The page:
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With Obama as Broker, Israelis and Turkey End Dispute Over Ship Raid 23 mars 2013

Posted by Acturca in Middle East / Moyen Orient, Turkey / Turquie, USA / Etats-Unis.
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The New York Times (USA) Saturday, March 23, 2013, p. A 1                 Türkçe

By Jodi Rudoren and Mark Landler *

Jerusalem — Under persistent prodding from President Obama, Israel and Turkey resolved a bitter three-year dispute on Friday with a diplomatic thaw that will help a fragile region confront Syria’s civil war, while handing the president a solid accomplishment as he closed out his visit to the Middle East.

The breakthrough took place in the most improbable of surroundings: a trailer parked on the tarmac of Ben-Gurion International Airport. Moments before Mr. Obama left for Jordan, Prime Minister Benjamin Netanyahu telephoned the Turkish prime minister, Recep Tayyip Erdogan, and apologized for deadly errors in Israel’s 2010 raid on a Turkish ship that was trying to bring aid to Palestinians in Gaza.

After years of angrily demanding an apology, Mr. Erdogan accepted Mr. Netanyahu’s gesture, and both sides agreed to dispatch envoys to each other’s nations, having recalled them in 2011.

The president’s involvement, a senior American official said, was crucial to both leaders, which is why Mr. Netanyahu scheduled the call before Mr. Obama’s departure from Israel. Mr. Erdogan insisted on speaking to Mr. Obama first before the president handed the phone over to Mr. Netanyahu. In the end, the call produced a win-win for all sides.

Mr. Obama achieved reconciliation between two of the United States’ most important allies, while Turkey and Israel won good will with the White House, important for two nations that have made ties to the United States central to their foreign policies. Turkey and Israel, along with Jordan, have also been three pillars of stability for the United States as it confronts a civil war in Syria that threatens to spill beyond its borders and destabilize the broader region.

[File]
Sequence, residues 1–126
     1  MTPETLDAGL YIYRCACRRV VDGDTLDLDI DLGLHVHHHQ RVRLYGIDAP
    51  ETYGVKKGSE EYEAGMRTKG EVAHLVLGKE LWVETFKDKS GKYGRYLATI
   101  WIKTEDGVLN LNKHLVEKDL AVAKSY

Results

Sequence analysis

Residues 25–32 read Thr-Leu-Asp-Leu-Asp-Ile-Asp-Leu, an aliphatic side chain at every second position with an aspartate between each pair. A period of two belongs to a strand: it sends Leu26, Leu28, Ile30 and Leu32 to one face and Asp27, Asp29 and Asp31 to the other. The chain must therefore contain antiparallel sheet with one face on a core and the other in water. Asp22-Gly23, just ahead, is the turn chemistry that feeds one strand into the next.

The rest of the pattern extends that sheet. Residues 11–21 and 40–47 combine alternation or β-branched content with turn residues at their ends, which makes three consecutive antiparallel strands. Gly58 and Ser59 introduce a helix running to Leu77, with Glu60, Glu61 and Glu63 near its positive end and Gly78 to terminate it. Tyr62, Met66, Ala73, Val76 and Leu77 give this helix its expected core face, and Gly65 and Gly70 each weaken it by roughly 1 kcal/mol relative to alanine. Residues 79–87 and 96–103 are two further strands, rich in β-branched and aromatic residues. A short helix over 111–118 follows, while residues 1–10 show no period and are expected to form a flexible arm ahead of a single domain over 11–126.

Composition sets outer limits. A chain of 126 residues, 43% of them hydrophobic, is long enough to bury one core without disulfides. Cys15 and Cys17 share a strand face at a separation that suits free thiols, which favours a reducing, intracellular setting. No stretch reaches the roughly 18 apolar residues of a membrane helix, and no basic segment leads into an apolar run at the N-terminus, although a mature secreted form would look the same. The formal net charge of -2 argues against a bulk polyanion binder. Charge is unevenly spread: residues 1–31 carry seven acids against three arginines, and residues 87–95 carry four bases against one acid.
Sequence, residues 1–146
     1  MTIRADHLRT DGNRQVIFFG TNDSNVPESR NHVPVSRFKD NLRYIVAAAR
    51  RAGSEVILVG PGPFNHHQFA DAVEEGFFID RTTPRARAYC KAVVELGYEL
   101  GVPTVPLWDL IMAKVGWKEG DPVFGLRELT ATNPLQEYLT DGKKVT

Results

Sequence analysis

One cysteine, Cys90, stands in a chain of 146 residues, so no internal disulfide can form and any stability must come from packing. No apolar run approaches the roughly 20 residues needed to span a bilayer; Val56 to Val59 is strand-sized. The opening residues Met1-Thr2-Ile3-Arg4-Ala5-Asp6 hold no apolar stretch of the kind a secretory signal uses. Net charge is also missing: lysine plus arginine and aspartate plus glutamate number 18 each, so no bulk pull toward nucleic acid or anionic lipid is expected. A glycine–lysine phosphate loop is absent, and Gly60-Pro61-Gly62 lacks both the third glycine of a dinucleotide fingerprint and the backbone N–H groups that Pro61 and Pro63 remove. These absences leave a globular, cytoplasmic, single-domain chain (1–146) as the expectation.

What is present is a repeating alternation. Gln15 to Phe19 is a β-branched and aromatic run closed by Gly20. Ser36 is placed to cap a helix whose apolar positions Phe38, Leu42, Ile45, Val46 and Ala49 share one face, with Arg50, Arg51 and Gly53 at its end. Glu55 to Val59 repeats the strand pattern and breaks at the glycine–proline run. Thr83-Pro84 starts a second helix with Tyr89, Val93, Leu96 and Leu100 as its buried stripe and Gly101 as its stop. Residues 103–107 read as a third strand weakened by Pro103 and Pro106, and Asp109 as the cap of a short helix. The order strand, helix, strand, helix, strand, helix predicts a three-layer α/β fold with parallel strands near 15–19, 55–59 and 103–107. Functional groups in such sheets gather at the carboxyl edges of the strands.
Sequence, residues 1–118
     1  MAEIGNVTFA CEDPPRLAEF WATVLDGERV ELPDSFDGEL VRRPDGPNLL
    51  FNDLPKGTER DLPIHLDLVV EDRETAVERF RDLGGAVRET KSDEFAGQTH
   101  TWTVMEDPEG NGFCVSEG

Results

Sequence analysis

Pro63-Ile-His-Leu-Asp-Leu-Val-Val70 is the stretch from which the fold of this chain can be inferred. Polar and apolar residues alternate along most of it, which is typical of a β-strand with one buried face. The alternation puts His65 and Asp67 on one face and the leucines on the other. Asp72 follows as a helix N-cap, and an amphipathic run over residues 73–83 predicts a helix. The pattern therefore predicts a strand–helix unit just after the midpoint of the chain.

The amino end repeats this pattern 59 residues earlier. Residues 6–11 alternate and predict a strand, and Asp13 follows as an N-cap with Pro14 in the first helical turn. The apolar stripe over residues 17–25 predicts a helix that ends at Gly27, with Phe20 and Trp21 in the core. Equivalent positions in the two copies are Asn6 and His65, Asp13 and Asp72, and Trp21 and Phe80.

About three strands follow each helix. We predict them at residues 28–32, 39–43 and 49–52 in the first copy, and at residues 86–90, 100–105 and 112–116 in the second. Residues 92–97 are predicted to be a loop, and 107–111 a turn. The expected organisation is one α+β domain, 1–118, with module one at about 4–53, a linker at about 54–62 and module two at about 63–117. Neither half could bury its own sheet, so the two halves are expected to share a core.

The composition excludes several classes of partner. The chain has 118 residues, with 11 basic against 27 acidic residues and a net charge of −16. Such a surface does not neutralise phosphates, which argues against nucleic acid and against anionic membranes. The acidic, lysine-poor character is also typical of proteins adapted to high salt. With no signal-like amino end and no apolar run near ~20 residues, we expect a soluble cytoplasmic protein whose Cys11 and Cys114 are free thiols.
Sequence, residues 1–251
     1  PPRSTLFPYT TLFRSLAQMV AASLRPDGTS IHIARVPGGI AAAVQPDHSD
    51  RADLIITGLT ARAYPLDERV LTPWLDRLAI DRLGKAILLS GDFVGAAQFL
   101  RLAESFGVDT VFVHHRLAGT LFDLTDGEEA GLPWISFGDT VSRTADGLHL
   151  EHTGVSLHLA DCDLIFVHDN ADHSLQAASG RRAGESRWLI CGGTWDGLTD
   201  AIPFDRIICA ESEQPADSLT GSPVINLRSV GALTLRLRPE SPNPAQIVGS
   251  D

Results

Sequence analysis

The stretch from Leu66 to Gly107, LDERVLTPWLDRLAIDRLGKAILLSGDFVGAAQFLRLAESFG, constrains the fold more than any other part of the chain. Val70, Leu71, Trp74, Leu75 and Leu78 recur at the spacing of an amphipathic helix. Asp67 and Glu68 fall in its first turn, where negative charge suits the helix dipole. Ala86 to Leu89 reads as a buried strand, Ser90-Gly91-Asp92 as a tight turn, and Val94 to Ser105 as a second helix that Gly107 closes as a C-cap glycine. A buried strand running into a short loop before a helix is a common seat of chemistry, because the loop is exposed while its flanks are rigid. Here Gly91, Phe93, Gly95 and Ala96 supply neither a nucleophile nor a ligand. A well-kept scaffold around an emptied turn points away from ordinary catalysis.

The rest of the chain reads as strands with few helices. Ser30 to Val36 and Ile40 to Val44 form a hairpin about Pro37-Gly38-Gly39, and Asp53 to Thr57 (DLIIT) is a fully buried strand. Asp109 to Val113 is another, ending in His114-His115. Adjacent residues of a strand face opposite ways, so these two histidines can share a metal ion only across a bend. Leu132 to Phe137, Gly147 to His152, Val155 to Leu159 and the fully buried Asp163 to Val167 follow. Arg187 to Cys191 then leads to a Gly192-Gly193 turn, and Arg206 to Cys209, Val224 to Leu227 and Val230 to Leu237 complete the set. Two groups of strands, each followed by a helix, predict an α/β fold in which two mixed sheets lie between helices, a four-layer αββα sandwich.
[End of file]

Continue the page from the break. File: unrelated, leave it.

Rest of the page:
« Both of us agreed the moment was ripe, » Mr. Obama said of Mr. Netanyahu at a news conference later in Amman, Jordan. He cautioned that the détente was a « work in progress » and that Turkey and Israel would continue to have significant disagreements as they mended fences. American officials say both countries are still « working the issue » of dropping criminal charges against four current and former top Israeli military officials that Turkey had indicted in the flotilla raid, and of determining Israel’s compensation to Turkey.

Mr. Obama reiterated his support for Jordan, too, announcing after a meeting with King Abdullah II that the United States would provide an additional $200 million in aid to help Jordan with the burden of caring for 460,000 Syrian refugees who have flooded into the country.

Israel and Turkey have a host of shared economic and security interests, and both are concerned about the unraveling situation in Syria. Turkey also could play a strategic role in Washington and Jerusalem’s efforts to stop Iran from developing a nuclear weapon, as well as in resolving the Israeli-Palestinian conflict.

It was the Palestinian issue that opened the rift between the two, when Israeli commandos raided the Turkish ship, the Mavi Marmara, as it was trying to break Israel’s blockade of Gaza to deliver supplies. Nine people were killed in clashes on board, prompting an international outcry, several investigations and a rebuke by the United Nations.

« The prime minister made it clear that the tragic results regarding the Mavi Marmara were unintentional and that Israel expresses regret over injuries and loss of life, » a statement issued by Mr. Netanyahu’s office said.

Mr. Erdogan’s office, in turn, said he had accepted the apology « on behalf of the Turkish people, » and that in his conversation with Mr. Netanyahu he had emphasized their nations’ shared history and prior eras of friendship and cooperation.

The call’s timing came as a surprise after a visit by Mr. Obama that was intensely symbolic and, publicly at least, tightly focused on Iran, Syria and the peace process. Mr. Obama used his trip to convince the Israeli public that he was a strong supporter and ally — credibility he then hoped to use to persuade the Israelis that it was safe, and wise, to earnestly embrace negotiations with Palestinians. Public reaction suggested that Mr. Obama did win the public trust, but it was not at all clear that he would achieve the second goal and prompt any significant movement in the long-stalled peace process.